Accordingly, the Court enters summary judgment in favor of defendants on plaintiff's state law claims for constructive discharge, breach of contract by constructive discharge, constructive discharge in violation of public policy, and breach of the duty of good faith due to constructive discharge.

C. Harassment and Retaliation Claims

Finally, defendants argue the Court should grant summary judgment on plaintiff's claim of harassment and retaliation in violation of FEHA. Plaintiff bears the burden of establishing the three elements of a harassment claim: "(1) he was subjected to verbal or physical conduct because of his age, (2) the conduct was unwelcome, and (3) the conduct was sufficiently severe or pervasive to alter the conditions of plaintiff's employment and create an abusive working environment." Juell v. Forest Pharms., Inc., 456 F. Supp. 2d 1141, 1157 (E.D. Cal. 2006) (internal citation and quotation marks omitted). His prima facie case for retaliation "must show (1) [plaintiff] engaged in a 'protected activity,' (2) the employer subjected the employee to an adverse employment action, and (3) a causal link existed between the protected activity and the employer's action." Yanowitz v. L'Oreal USA, Inc., 36 Cal. 4th 1028, 1042 (2005).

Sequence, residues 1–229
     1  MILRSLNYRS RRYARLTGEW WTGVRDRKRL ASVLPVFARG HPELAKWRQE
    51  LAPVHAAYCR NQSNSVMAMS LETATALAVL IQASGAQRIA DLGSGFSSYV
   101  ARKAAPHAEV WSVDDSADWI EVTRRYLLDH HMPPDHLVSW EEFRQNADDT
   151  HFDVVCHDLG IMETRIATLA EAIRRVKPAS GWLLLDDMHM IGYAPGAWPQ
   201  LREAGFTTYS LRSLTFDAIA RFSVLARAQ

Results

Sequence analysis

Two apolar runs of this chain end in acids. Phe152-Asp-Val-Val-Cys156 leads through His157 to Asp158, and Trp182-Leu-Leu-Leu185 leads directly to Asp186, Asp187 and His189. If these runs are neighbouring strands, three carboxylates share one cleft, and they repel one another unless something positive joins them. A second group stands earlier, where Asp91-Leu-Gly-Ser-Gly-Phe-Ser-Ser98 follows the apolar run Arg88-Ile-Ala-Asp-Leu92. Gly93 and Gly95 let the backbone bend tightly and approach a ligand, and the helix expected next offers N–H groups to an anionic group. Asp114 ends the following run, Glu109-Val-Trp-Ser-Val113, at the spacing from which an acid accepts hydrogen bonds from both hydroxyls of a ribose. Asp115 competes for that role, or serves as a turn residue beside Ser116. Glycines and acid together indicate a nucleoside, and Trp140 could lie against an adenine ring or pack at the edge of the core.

Defendants argue the conduct was not sufficiently egregious to meet the "severe or pervasive" component of a harassment claim or the "adverse employment action" prong of a retaliation claim. Under Reno v. Baird, 18 Cal. 4th 640 (1998), regardless of any discriminatory motive, "commonly necessary personnel management actions such as . . . performance evaluations . . . do not come within the meaning of harassment." Id. at 646. In this case, plaintiff's claim relies primarily on criticisms of plaintiff's job performance, which are not harassment within the meaning of California law. See Roby v. McKesson Corp., 146 Cal. App. 4th 63, 75 (Cal. Ct. App. 2006) ("Acts such as selecting [plaintiff's] job assignments, ignoring her at staff meetings, portraying her job responsibilities in a negative light, or reprimanding her in connection with her performance, cannot be used to support a claim of hostile work environment."); Janken v. GM Hughes Elecs., 46 Cal. App. 4th 55, 63 (Cal. Ct. App. 1996) ("[H]arassment consists of conduct outside the scope of necessary job performance, conduct presumably engaged in for personal gratification, because of meanness or bigotry, or for other personal motives. Harassment is not conduct of a type necessary for management of the employer's business or performance of the supervisory employee's job.").